RFID

RFID

That’s short for Radio Frequency Identification. Early this year, one application of RFID stirred up some controversy in Texas, where administrators came up with the notion that all kids in one school would be required to wear them. This was theoretically going to improve school attendance, but it didn’t. Instead, it alarmed quite a few area residents who didn’t want their children to be continually tracked. Too Orwellian. The school backed off.

But technology can be used well or poorly. I found this newer application quite promising:

The Ekahau system (www.ekahau.com) piggy-backs on a school’s wi-fi system, so no new wiring or hardware is required. The system provides RFID-embedded cards, similar to typical ID cards, to all staff, not students. If staff-members need help, or want to institute a lockdown, they pull the emergency tags at the base of their cards. This sends a text message, and spells out the location, to either police or other designated parties. Responders can also pull up maps on their computer screens showing staff locations in the area.

The device also includes two buttons which can be customized for particular types of more common emergencies, such as medical or behavioral crises. This is clever for more than one reason: first, it makes the card far more useful, since the genuine need for lockdowns in most locations should be rare, and second, because by using the card more the staff will become accustomed to the technology, and more likely to remember to use it as needed. Save them up for a school shooting and by the time they are needed nobody will be wearing them anymore, let alone remember how to use them.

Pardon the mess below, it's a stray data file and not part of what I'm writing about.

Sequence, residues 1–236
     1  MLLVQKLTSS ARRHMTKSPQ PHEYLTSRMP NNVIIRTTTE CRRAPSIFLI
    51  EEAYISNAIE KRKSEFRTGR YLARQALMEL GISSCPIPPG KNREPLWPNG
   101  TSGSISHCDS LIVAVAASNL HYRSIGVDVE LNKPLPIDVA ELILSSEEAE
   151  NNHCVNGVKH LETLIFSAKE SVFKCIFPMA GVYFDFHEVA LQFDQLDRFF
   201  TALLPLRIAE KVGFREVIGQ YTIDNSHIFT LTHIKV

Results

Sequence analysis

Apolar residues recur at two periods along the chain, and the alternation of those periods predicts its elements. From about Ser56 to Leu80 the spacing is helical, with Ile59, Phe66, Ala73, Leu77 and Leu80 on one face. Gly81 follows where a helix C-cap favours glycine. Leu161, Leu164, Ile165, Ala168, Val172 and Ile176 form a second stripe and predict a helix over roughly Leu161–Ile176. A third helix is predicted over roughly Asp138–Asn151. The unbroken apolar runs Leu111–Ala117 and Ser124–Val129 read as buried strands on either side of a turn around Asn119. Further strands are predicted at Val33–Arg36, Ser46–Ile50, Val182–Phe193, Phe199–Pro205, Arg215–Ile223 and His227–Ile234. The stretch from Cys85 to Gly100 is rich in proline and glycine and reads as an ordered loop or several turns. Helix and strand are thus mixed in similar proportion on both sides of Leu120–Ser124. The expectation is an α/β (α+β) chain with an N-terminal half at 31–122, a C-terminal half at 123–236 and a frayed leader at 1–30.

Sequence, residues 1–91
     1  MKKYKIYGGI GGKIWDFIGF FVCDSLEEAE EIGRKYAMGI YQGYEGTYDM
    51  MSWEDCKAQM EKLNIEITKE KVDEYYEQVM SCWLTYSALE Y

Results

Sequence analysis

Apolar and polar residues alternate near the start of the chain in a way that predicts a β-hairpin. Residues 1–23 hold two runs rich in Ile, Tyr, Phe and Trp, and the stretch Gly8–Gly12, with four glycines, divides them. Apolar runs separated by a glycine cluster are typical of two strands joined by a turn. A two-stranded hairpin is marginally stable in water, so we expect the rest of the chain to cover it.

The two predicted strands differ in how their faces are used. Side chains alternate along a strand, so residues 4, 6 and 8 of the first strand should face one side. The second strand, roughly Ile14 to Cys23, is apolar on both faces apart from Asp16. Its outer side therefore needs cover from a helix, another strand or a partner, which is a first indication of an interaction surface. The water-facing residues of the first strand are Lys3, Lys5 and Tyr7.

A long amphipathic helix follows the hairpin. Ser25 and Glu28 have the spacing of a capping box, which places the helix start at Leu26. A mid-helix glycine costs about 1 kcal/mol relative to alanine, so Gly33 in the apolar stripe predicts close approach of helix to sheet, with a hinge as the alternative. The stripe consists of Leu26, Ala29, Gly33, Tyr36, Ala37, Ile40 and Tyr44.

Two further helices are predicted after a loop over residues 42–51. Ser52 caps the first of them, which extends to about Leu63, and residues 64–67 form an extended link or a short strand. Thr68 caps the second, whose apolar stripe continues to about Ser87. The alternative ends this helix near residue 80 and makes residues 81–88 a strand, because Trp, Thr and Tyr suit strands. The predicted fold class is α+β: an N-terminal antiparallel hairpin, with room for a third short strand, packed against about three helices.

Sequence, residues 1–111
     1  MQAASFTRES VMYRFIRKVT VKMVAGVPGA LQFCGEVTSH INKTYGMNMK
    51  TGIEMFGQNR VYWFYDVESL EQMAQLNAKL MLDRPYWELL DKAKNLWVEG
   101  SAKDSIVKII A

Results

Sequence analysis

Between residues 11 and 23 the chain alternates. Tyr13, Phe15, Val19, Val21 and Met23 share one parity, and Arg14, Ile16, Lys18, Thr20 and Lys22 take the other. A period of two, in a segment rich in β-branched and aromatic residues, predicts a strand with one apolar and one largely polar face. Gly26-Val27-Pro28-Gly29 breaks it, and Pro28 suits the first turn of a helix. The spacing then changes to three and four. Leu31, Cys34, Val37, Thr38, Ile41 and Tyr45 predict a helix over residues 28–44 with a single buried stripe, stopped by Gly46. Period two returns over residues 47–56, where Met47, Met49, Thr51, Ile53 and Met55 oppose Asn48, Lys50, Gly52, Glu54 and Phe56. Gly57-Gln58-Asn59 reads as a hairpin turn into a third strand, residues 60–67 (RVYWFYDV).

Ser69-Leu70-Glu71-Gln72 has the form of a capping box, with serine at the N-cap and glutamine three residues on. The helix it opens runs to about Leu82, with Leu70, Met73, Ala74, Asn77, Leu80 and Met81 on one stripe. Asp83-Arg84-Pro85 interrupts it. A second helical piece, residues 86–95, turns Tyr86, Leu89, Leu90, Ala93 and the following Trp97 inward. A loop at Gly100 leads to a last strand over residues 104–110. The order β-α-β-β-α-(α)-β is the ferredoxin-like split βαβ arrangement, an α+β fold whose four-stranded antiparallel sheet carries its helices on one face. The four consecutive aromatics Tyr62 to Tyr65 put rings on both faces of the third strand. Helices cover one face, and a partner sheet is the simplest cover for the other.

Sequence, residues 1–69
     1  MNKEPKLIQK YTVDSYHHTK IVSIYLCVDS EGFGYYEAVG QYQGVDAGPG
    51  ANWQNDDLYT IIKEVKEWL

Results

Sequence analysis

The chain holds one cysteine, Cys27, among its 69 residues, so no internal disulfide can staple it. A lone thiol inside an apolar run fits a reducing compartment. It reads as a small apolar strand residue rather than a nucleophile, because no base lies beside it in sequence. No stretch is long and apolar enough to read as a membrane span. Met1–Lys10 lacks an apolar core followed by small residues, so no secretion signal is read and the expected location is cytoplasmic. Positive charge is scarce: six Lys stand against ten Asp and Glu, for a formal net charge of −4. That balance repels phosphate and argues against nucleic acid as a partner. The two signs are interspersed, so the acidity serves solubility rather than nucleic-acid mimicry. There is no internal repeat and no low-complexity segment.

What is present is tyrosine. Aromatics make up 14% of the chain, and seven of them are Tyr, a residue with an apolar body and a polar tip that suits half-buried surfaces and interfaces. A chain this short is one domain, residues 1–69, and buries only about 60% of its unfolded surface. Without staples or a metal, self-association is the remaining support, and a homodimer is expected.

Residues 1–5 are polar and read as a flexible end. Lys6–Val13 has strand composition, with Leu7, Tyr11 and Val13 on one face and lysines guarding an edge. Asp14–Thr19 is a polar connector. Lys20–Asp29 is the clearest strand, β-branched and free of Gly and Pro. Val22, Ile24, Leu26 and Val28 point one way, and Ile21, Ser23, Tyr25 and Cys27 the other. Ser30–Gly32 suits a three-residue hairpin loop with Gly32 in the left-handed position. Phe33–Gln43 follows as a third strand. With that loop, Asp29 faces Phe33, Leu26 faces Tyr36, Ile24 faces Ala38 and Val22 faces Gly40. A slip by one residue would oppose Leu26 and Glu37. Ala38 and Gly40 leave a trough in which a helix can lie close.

Another smart feature: text messages can be sent to one particular card, or to a wide swath of badge wearers simultaneously, without being dependent on school-wide intercom announcements. This allows for considerably more discretion.

The Ekahau Real-Time Location System (RTLS)  is pretty new on the scene.  Skyview High School in Nampa, Idaho, adopted it in April, 2013, and I’ll be curious to hear their feedback. An anonymous donor covered the $30,000 cost, distributing badges to 100 teachers. In general the system prices out at $35-45 per student.S

Contact info: www.ekahau.com http://www.ekahau.com/real-time-location-system/demos-webinars Tel: 1-866-4EKAHAU (1-866-4352428)

Skyview High, Nampa, ID 208-498-0561

 

 

Tod Schneider
Written by Tod Schneider

No comments yet.

No one have left a comment for this post yet!

Leave a comment